You're involved with the Class of 2k7 cooperative promotional effort. Could you give us some insight into the history of this campaign?

Sure. I had the idea to start a marketing collective in early 2006, when I was totally overwhelmed by all the marketing and promotional work that authors are expected to do these days. I figured that a group of authors working together would be able to accomplish things that no one of us would be able to do alone, and I was lucky enough to attract a group of awesomely talented classmates to join in.

The Class of 2k7 is a group of 39 children's and YA authors who have joined together to help promote each other's debut novels to booksellers, librarians, and teachers. We're all being published for the first time in 2007, so we're like a graduating class--hence the Class of 2k7.

How would you describe your role?

I've been elected class president, and that's been a great honor and a whole lot of work. We've delegated a lot of the tasks to organizing committees and regional coordinators, but I do most of the website coding and serve as a point of contact for inquiries that come in.

What have been the joys and challenges along the way?

We've been rolling out elements of the Class of 2k7 campaign one at a time--the website, a collective blog, a discussion forum, a chat room, a media folder, etc. Each item has been a challenge, but it's also given us new ways to make our group into a "one stop shop" for booksellers, librarians, and teachers looking for fresh new books from fresh new voices.

We've gotten a nice write-up in Publishers Weekly, a podcast, and mentions on a whole bunch of great blogs including yours. Every time someone's taken notice of the group, it's been a huge buzz of excitement for all of us.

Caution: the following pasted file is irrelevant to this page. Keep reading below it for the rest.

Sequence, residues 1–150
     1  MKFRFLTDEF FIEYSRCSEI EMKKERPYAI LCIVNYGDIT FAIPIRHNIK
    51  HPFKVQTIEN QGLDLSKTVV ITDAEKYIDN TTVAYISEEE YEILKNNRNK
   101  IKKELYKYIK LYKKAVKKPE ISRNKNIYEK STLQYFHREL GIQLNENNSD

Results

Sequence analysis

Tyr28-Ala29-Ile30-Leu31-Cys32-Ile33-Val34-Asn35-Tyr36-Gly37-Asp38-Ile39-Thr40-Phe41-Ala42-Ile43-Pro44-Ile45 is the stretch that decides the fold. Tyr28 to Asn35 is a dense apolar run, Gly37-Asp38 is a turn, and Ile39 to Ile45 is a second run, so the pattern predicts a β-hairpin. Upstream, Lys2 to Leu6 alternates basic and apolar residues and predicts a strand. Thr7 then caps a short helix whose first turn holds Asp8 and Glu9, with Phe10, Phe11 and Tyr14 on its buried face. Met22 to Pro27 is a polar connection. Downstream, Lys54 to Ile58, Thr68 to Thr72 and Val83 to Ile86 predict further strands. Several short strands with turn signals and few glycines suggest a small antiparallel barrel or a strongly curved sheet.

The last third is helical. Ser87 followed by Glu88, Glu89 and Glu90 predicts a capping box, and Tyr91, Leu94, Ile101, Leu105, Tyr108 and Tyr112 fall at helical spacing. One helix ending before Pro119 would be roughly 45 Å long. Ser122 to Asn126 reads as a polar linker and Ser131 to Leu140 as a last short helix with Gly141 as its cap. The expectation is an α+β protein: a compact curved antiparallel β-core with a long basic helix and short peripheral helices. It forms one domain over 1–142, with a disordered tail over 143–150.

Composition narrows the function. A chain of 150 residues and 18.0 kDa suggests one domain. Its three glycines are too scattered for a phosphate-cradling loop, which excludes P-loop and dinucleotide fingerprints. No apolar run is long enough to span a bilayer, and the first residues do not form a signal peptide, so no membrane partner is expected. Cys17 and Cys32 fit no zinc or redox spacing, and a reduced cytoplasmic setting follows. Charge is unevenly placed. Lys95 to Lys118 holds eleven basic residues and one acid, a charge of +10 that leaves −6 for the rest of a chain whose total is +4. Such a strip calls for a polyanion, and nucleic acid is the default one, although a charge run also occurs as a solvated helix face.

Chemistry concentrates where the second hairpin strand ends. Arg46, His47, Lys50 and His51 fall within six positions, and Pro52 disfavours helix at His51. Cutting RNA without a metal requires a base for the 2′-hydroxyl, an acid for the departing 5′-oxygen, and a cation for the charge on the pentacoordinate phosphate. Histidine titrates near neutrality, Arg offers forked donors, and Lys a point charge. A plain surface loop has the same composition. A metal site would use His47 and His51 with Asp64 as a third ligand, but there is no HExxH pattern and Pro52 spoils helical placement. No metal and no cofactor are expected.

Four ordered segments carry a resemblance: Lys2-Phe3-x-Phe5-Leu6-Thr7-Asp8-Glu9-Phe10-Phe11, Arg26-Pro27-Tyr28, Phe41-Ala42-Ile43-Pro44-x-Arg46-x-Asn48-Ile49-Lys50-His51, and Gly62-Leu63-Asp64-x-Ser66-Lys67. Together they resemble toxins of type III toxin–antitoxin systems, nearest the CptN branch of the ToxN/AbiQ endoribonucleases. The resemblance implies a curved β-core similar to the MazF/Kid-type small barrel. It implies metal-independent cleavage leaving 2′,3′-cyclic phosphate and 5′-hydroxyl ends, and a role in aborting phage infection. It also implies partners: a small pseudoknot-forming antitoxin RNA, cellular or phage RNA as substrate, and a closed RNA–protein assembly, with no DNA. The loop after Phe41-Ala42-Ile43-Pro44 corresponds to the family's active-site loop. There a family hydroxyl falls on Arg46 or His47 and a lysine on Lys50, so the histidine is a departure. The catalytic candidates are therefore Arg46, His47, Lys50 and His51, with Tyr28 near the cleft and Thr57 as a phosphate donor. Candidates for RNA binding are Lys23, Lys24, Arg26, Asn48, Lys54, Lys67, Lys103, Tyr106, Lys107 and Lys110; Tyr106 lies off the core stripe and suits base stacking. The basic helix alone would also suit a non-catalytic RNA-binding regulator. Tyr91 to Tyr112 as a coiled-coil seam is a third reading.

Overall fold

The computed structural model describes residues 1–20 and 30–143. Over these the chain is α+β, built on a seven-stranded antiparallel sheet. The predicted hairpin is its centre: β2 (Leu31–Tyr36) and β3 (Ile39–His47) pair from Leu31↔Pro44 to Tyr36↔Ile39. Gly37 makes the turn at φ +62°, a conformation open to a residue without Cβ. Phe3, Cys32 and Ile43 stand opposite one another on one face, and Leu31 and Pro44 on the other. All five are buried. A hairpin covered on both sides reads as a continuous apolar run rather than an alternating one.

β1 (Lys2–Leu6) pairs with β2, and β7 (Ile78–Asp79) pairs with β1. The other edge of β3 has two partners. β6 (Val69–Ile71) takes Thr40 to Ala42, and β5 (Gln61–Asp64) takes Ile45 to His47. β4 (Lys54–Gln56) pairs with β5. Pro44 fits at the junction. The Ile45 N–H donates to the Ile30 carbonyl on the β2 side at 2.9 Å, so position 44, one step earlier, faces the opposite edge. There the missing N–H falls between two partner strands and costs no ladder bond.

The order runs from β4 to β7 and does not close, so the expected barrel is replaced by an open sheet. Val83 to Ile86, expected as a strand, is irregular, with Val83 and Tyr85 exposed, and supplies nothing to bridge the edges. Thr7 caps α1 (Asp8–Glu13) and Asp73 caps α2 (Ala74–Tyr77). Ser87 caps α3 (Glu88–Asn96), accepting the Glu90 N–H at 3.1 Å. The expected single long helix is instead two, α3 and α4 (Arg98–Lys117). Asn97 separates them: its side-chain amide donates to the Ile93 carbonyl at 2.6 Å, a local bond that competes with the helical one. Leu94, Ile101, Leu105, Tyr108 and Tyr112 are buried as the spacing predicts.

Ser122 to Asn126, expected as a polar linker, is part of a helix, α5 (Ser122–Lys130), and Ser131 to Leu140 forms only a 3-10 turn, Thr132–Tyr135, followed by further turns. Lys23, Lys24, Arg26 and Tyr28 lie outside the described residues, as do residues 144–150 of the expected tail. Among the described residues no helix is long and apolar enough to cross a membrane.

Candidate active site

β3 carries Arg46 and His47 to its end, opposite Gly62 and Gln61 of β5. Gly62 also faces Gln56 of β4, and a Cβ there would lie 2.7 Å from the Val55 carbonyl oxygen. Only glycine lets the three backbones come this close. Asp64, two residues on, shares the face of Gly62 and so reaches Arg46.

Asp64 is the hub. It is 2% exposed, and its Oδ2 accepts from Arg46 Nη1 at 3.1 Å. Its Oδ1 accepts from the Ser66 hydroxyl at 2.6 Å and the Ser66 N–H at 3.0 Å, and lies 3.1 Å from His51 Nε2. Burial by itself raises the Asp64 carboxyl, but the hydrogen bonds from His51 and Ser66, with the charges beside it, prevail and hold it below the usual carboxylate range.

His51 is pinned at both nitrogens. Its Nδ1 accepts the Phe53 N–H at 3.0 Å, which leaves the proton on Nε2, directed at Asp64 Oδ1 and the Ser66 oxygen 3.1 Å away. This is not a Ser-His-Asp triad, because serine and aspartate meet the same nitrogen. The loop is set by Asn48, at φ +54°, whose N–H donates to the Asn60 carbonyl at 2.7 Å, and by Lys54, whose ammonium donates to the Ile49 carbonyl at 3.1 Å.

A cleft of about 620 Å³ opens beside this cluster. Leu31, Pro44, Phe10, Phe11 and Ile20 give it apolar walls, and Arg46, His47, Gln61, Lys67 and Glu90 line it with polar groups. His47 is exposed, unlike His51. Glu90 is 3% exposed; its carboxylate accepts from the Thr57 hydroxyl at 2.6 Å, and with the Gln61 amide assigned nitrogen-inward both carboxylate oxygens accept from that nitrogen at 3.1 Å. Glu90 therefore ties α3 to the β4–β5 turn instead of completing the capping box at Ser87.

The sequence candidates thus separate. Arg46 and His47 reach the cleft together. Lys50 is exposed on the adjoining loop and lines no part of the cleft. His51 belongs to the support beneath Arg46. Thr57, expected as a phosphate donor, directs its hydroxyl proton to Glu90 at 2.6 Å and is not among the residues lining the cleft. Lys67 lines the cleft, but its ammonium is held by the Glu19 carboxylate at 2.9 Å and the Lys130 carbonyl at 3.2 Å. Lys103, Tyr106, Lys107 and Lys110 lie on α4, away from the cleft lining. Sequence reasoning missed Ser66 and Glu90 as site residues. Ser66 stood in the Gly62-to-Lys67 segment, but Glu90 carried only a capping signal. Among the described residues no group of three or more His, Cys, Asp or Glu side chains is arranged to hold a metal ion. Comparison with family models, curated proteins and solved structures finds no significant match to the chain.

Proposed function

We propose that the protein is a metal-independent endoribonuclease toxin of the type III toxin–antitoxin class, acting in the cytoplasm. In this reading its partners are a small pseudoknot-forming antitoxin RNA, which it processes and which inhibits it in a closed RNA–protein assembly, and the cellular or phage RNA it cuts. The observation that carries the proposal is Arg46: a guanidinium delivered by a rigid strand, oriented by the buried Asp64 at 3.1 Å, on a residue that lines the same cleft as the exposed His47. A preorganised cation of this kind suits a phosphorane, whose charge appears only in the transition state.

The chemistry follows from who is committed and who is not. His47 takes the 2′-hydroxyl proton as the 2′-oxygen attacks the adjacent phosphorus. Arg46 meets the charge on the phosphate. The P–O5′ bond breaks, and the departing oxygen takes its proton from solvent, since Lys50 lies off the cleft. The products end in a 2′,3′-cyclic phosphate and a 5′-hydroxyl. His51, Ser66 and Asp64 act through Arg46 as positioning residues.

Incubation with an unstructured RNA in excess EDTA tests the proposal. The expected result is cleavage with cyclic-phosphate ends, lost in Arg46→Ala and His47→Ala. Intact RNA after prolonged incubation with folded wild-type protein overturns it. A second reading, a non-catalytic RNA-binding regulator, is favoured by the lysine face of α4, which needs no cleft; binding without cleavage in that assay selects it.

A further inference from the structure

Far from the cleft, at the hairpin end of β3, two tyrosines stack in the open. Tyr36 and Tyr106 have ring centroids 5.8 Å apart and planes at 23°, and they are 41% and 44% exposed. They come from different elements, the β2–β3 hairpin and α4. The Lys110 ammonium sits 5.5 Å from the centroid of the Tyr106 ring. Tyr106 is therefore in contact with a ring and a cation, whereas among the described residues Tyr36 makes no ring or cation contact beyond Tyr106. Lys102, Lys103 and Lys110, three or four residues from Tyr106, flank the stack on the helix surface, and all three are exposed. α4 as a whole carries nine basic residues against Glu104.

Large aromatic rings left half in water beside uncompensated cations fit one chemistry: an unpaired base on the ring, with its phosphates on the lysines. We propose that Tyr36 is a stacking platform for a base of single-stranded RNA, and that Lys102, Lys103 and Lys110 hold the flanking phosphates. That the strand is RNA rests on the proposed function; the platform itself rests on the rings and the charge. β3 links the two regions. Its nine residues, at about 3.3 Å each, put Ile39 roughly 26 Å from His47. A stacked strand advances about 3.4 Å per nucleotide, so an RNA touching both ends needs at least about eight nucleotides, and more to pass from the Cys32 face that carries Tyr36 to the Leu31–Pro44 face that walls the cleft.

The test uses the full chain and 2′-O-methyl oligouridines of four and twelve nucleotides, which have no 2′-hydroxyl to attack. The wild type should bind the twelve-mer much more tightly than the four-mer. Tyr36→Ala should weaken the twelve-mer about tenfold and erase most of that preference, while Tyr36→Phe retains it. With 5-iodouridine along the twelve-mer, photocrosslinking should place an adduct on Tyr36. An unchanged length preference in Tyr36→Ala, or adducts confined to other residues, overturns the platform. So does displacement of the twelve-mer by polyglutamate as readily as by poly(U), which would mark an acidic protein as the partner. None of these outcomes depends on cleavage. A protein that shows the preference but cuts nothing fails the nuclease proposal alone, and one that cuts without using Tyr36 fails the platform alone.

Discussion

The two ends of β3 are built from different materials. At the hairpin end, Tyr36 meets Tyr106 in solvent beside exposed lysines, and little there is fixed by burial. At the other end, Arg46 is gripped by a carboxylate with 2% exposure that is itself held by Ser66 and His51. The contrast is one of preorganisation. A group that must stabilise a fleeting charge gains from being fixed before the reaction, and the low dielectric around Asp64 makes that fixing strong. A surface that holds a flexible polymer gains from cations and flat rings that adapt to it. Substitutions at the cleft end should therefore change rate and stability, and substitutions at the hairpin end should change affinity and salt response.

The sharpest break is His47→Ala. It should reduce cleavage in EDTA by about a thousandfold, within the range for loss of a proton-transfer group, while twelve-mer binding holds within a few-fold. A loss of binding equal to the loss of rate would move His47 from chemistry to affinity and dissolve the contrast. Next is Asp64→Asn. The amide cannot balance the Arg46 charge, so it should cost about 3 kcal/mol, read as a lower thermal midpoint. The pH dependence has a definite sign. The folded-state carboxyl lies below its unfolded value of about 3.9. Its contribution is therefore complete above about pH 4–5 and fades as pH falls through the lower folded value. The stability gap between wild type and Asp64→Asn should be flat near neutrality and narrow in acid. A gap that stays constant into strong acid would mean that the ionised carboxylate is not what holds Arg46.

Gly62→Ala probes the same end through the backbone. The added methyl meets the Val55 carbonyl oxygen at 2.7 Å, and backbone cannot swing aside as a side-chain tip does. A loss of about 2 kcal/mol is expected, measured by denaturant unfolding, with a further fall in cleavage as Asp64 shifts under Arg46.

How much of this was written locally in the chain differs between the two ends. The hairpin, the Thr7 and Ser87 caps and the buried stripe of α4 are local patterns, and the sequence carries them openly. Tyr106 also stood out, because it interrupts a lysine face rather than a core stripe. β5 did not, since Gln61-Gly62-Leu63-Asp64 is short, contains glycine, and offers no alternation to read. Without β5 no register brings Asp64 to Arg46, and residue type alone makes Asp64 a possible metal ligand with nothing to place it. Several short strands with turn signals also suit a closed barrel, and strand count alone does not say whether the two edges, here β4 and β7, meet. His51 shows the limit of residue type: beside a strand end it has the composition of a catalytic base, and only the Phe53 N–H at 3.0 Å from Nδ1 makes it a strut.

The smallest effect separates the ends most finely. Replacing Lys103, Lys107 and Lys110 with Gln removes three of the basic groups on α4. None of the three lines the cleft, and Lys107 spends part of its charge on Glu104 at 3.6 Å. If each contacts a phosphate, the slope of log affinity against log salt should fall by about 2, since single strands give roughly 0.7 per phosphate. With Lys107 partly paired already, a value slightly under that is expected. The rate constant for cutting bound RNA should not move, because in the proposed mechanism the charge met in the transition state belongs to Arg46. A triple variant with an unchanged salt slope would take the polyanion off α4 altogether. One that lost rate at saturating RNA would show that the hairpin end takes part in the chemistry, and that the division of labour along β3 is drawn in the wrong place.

What are the plans for the future?

We're about to distribute the first issue of our quarterly ezine and there will be events and tours throughout the year. Our biggest plans are to celebrate the release of our books, starting with Story of a Girl by Sara Zarr (Little Brown, 2007)(author interview), which is out right now. Hopefully we can make enough noise for all of us to stand out among all the other choices out there.

What advice do you have for beginning writers?

I feel like I'm too green at this to be giving advice to anyone else but here goes... Be professional. Be patient. Be humble. Learn something from every book you read, and never stop trying to improve your craft. Most important: Never give up!

What do you do when you're not writing?

I spend my days in a law office, staring at legal documents and wishing that I could be writing instead.

What can your fans look forward to next?

I'm continuing to develop a consistent style while branching out in new directions. My agent is shopping around a sports series of mine and is looking at a fantasy novel I just sent her, and my current work-in-process is a mystery featuring a pair of young detectives.